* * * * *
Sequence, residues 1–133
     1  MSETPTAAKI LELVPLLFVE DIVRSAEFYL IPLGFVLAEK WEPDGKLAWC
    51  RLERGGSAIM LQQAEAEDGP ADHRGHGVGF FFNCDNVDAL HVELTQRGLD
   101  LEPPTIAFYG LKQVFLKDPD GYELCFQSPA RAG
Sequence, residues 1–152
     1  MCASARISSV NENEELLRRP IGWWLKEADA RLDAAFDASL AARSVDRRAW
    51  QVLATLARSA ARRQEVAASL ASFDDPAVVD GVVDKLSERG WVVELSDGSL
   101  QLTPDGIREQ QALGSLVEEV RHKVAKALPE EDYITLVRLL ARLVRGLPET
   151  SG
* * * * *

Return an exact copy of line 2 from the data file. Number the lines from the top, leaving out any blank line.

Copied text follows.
     1  MSETPTAAKI LELVPLLFVE DIVRSAEFYL IPLGFVLAEK WEPDGKLAWC